So personal

(Gives me goose bumps, really) and -- I purchased it before I knew what exactly it was or what it said.


To be sent tomorrow :-)
Hope you enjoy it!

Wednesday, June 3, 2009

Just call it what it is...

lack of motivation? I haven't been emailing, blogging or hardly anything but our routine stuff. I wouldn't say it's overall sadness like before, but still -- this wanting of some 'alone time'. Anyway, I had started several blog entries only to scrap them because they were just not exciting (in my mind, I was saying that it was just too lame to put on a blog). Plus I am working on a couple other things that aren't done - so I can't post pictures! Today I was thinking about it and I can't say that I've ever posted much about our routine. So, here you go:

BigBro wakes up early. I am not a morning person, so by 'early' I mean between 5:30 and 6:30. He comes downstairs, climbs into our bed and is so very excited about the day. Any day. Every day. Usually a few "I'm hungry"s followed by "Come on, let's go. I really want to go." and mommy is out of bed. After bathing or changing into daytime clothes we drive to one of the main nearby shopping areas.
This is because although we are within walking distance (less than 2 miles) - it's just not conducive to walking. Busy streets, no sidewalks and many with no bike lanes - or very narrow bike lanes. It doesn't help that the bike lanes are only on the busiest of streets (which means you suck in exhaust fumes the whole time - which is not my idea of a 'nice' walk).

Anyway, we drive, park, then walk Stanley. Even though Stanley will be 11 yrs old in August, he still needs daily exercise. I feel like the mailman, "Neither rain, nor sleet, nor snow & ice will keep me from picking up dog poop". Okay, well the mailman delivers mail, he doesn't pick up poop - but you get the idea anyway. So, I combine my morning coffee with this excursion and let's just say that the ladies at Peet's Coffee and St. Honore Bakery know BigBro really well.
In fact, even though we already have more toy cars than we need, the ladies seem to find one in a cereal box or from their own grown son's retired collection and so BigBro's collection just seems to keep growing. On our walk, we go through a small park at one end of the big lake, then down a path next to the lake. About once or twice a week we bring cracked corn to feed the ducks.
Since it's spring, we've been seeing lots of ducklings and gosslings. In fact, Mother's Day was the first day that we had seen a pair of Canadian Geese with a clutch of six gosslings. And just this last weekend, one momma duck had 11 newly hatched ducklings.

Friday, May 15, 2009


Finally ordered the sofa for the living room... It took me so long because the original piece from Baker is unbelievably expensive. I discovered that I could have it custom made for much, much less. I have to admit, it's a leap of faith to have a sofa made from scratch. So, it'll be only 6-8 weeks before the perfect couch is here. I made a couple changes to the design. It's being upholstered in Beacon Hill's Plush Mohair fabric (color: Shale), which is similar in color to the original Baker photo. Here's a picture of the Baker original.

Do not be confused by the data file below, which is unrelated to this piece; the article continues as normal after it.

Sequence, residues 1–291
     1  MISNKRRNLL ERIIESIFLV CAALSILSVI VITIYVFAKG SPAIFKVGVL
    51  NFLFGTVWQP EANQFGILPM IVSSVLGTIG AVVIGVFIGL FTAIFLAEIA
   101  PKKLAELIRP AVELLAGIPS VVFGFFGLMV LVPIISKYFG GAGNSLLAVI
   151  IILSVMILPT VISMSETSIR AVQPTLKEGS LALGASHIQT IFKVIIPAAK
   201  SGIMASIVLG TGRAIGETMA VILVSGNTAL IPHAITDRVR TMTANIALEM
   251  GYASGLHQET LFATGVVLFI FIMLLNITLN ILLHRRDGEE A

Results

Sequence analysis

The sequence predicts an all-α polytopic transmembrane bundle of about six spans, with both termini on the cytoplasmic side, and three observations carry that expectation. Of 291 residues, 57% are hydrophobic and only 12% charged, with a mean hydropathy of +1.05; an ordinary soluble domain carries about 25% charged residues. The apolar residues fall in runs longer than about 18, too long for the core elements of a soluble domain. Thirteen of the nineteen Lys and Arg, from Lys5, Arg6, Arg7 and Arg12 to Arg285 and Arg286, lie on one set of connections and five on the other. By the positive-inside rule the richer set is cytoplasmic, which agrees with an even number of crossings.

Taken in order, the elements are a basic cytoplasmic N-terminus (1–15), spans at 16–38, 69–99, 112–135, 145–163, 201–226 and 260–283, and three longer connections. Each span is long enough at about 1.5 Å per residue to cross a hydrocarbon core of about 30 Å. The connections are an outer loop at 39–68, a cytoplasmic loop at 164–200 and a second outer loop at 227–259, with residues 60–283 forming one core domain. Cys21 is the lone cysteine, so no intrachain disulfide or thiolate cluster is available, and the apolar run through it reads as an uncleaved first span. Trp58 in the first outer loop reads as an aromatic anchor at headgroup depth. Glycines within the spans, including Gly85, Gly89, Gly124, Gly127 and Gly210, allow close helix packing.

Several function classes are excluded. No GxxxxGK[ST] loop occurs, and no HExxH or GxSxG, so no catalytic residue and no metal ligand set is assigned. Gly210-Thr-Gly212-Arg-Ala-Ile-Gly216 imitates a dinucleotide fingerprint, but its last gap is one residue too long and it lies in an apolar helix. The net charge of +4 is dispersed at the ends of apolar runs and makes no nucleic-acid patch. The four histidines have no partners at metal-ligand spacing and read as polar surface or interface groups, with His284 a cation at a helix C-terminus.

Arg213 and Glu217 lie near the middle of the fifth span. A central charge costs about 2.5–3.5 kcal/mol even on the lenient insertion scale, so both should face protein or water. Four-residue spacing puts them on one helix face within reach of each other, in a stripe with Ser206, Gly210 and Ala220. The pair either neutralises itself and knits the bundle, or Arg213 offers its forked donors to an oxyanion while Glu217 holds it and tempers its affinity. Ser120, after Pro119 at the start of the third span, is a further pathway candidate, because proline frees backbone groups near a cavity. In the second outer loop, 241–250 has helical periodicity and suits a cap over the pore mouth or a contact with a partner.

I can't wait to show you the finished sofa!

Monday, May 11, 2009

more for the living room

Between those two striped chairs, this Vanguard table
and behind the sofa (that I will be ordering soon), on the table two of these Roost lamps
locally, JD Madison carries both Roost + Vanguard

Sunday, May 10, 2009

ordered our coffee table today...

On our way home from breakfast at my mom's, we stopped by EWF Modern (a local place) & they had several pieces from the line environment furniture. The online pictures don't do their pieces justice... Even though I will have to wait many months to receive my order, nothing else will do! They have the same kind of wood top on a dining table on their floor... It's stunning! I just ordered (and it will take like four months to get here)...
(yes, we usually visit Hubby's mom on Mother's Day too. This year, his parents are out of town for several weeks visiting places I've always wanted to travel to. They're going to Greece, Germany, Italy and Spain amongst many other interesting places. Maybe someday....)

Friday, May 8, 2009


I haven't been nearly as mired in the muck of grief lately. No, I'm not taking any medications! If you know me, I hardly ever take Tylenol for a headache, let alone prescription anything -- unless it's absolutely necessary - like antibiotics. And even then, it has to be really really bad.

"Keeping busy" was really hard at first (and I still felt the underlying grief). Then the sun started to shine here more (literally). Then, some changes started taking place at our house -- making it more 'ours'. And, during my "keeping busy" phase - I said over and over to myself "You either get busy living or get busy dying". (a great line uttered in the old movie Shawshank Redemption. plus, I think Owen would want me to live.) Don't get me wrong, the sadness is seemingly always there, just under the surface -- but my outlook has felt sunnier, so to speak. Maybe it's the fact that I've now lost a total of 14 pounds (with about 20 more to go). Or maybe it's that I finally felt brave enough to order, frame and hang pictures of Owen. Or maybe it's that I'm feeling brave enough to start work on the headstone design.